Putting Down Roots is funded by our generous supporters including corporate partners Barratt Developments and Jo Malone London. Find out more about our partnerships and how you can get involved here


    Donate to help us fund more programmes like Putting Down Roots.

    St Mungo’s Recovery College – online for our clients

    By Holly Smith, Strategic Marketing Officer

    St Mungo’s Recovery College offers our clients the opportunity to engage with learning, training and employment, and to rebuild their lives.

    When the pandemic began, we were in the middle of making a film about a proposed move to a new Recovery College base in London.

    But if there’s anything that I’m sure we’ve all learned in 2020, it’s that every tale can take you somewhere you didn’t expect.

    So we used the opportunity for clients to talk about how the Recovery College responded to the pandemic by moving its classes online.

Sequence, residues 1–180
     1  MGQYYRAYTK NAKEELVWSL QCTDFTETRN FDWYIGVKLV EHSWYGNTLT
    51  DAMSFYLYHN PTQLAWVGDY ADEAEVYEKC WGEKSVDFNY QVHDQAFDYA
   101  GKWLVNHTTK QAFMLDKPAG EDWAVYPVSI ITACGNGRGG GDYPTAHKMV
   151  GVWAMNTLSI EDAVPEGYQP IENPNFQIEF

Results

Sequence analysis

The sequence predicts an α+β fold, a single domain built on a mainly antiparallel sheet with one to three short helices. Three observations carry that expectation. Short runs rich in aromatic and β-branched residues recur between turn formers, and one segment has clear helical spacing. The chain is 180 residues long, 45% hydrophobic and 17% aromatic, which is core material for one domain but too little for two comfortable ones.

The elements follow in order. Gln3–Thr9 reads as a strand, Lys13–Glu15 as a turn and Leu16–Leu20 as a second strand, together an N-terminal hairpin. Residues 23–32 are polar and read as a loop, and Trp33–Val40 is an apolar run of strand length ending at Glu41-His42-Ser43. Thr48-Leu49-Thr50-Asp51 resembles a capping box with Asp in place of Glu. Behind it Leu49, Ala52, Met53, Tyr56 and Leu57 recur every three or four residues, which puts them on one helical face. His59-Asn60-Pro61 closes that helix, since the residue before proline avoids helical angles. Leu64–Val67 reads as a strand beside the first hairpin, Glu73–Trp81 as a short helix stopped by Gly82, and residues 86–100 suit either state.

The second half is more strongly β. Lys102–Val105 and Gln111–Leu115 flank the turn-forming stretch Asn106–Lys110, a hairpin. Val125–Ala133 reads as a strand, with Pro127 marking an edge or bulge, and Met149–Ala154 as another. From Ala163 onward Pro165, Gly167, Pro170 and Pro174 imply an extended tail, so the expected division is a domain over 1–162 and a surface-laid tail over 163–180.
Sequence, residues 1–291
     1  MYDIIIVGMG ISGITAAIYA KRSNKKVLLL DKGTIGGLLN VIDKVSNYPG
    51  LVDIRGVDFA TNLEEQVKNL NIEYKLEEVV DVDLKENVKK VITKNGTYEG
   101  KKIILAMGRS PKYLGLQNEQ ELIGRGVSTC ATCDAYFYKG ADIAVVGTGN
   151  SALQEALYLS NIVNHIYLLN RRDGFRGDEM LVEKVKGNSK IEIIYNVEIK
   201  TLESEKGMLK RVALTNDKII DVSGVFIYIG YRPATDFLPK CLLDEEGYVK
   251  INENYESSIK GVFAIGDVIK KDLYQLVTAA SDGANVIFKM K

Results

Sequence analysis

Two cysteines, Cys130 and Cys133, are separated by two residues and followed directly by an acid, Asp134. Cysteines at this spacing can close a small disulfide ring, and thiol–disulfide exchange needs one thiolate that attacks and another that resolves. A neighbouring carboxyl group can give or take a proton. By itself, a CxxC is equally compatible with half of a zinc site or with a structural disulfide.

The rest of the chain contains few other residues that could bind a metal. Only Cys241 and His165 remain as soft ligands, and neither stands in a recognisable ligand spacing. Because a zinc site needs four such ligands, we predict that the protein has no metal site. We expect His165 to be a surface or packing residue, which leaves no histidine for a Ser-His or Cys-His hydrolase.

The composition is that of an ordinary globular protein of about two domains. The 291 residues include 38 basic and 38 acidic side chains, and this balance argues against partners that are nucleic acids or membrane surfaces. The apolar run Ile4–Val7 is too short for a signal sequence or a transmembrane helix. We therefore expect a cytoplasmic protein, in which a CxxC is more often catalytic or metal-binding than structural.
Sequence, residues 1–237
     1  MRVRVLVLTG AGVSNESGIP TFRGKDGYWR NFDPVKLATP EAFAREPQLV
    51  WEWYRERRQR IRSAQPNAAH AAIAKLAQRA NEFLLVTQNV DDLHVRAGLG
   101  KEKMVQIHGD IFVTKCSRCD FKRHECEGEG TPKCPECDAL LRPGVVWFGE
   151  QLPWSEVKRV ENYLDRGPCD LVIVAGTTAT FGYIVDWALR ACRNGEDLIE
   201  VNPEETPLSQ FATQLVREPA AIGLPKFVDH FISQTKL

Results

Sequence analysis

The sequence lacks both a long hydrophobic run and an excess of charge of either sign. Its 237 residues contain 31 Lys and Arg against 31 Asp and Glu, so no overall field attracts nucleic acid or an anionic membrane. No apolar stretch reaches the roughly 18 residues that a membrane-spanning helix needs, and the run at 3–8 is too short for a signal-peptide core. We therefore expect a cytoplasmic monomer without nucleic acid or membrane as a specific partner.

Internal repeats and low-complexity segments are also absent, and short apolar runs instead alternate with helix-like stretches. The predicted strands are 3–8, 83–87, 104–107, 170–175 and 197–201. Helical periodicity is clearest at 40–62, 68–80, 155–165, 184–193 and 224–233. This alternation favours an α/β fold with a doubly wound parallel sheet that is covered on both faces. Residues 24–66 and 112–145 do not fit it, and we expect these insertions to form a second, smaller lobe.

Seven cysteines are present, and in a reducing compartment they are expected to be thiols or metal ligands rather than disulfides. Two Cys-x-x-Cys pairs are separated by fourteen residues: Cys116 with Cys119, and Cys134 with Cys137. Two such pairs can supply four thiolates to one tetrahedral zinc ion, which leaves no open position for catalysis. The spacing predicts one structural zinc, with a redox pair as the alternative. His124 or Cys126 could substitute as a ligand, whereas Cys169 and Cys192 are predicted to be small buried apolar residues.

The four people involved, Adrian, AJay, Charles, Mincer, plus our Digital Inclusion Coordinator James, have shared their creativity and resilience every step of the way during this strange time.

    They adapted to new technology, learning to work differently and navigated connections – both badly behaved internet ones, and the welcome surprises of those connections forged with others as a result of the pandemic.